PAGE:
Our Policy in Somalia
"Muhammad Dhere, an important ATA leader, claims that Arab and Asian al-Qaeda members have been joined in Mogadishu by members of Ethiopia's Oromo Liberation Front, offering the observation that some fighters were covering their faces, obvious 'proof' of their foreign origins (HornAfrik, May 19). The warlord also accuses numerous members of parliament of being al-Qaeda members, and further claims that 70 MPs are agents of hostile foreign countries (Shabelle Media Network, May 19). Increasingly, accusations of al-Qaeda links have become a common way for the warlords to discredit political opponents."
McGregor also calls attention to the fact that efforts to fight those accused of being terrorist sympathizers and rebuild Somalia appear to be hindering each other:
"The already fragile TFG is in danger of collapse due to Prime Minister Ali Muhammad Gedi's failure to force the return of cabinet ministers engaged in the Mogadishu fighting. Members of Parliament have called for his resignation, while other MPs accuse the United States of taking revenge on Somalia for U.S. losses in Mogadishu in 1993 (HornAfrik, May 17). The absent ministers are close to being dismissed from the government, which would effectively destroy any chance of the TFG establishing itself as an accepted government.
"ATA warlord Muhammad Qanyare has complained that the TFG has 'no respect for the [counter-terrorist] work we are doing.' Qanyare explains the absence of the ATA warlords from their cabinet posts by noting that 'we are busy fighting with terrorists now. We don't have time for the government' (Shabelle Media Network, May 24, May 25). Both the TFG and Somali popular opinion hold that the ATA is a collection of paid agents of the United States government. The presence of U.S. warships off Mogadishu and evening flights over the city by U.S. reconnaissance planes has tended to reinforce these perceptions (Haatuf News, Somaliland, May 10).
"With the dictates of counter-terrorism in conflict with the methods of nation-building, Somalia is on the verge of another collapse. The battle in Mogadishu is spilling over into a wave of assassinations, grenade attacks and gunfights throughout Somalia. In the capital itself, firing tends to be indiscriminate and thousands of civilians are once more fleeing for safety. U.S. food aid programs are not enough to offset the belief of U.S. responsibility for this new round of misery. If the United States has indeed thrown its support behind the ATA, its efforts appear to be counter-productive. Most ATA fighters battle for pay and the promise of loot. Any serious setbacks or an exhaustion of ATA funds are likely to result in the rapid dissolution of the "anti-terrorist" coalition and a triumph for Mogadishu's Islamists."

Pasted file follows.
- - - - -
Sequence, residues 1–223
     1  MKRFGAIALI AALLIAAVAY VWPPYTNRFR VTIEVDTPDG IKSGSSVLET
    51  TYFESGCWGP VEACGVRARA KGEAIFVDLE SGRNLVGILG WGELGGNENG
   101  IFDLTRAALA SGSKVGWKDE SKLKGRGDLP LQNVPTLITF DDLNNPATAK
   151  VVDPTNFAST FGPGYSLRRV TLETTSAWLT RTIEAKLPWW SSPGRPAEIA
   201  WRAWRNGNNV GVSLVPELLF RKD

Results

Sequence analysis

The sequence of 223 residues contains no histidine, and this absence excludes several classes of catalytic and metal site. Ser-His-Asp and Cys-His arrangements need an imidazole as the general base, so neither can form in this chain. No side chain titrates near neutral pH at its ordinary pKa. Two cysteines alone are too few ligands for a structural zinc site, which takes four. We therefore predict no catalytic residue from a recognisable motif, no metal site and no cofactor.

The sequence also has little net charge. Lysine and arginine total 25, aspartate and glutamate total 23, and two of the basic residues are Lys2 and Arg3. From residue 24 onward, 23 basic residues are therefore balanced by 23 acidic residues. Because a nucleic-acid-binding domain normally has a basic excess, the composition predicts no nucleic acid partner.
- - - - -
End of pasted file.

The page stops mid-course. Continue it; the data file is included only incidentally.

I feel like there's probably another side to this portrayal of the situation, so I don't want to say anything too strong. However, one does wonder if efforts have been made to incorporate the Islamists into a unified government, and then bribe them into denying terrorists a safe haven. Letting Somalia slip further into chaos in the hopes that a bunch of warlords will act as trustworthy agents in fighting terrorism doesn't seem like a viable long-term strategy.
UPDATE: The International Crisis Group issued this report last summer on the rise of al-Qaeda in Somalia. However, the Executive Summary also says:
"The threat of jihadi terrorism in and from Somalia is real. But attempts by the new Somali leadership and its regional allies to exploit this threat for short-term political gain risk plunging the country into even greater crisis. Several key leaders in the deeply divided transitional government are notorious for smearing adversaries and critics with allegations of terrorist linkages -- conduct that threatens to deepen the schisms within the government. More alarmingly, the faction of the TFG aligned with the interim president has tried to use the threat of terrorism to justify deployment of a regional intervention force to Somalia -- a widely unpopular and deeply divisive proposition that would not only irrevocably split the government and trigger renewed conflict, but would also dramatically strengthen the jihadis.
"Ultimately, the threat of jihadi terrorism from Somalia can only be addressed through the restoration of stable, legitimate and functional government. Dealing with that threat requires Somalia's friends to do more to assist in bringing Somali society together again and rebuilding the state. But such assistance must be carefully planned and finely calibrated in order to ensure that it does not empower one faction of the TFG at the expense of another or otherwise destabilise a fragile peace process."
UPDATE: See more on this at American Footprints.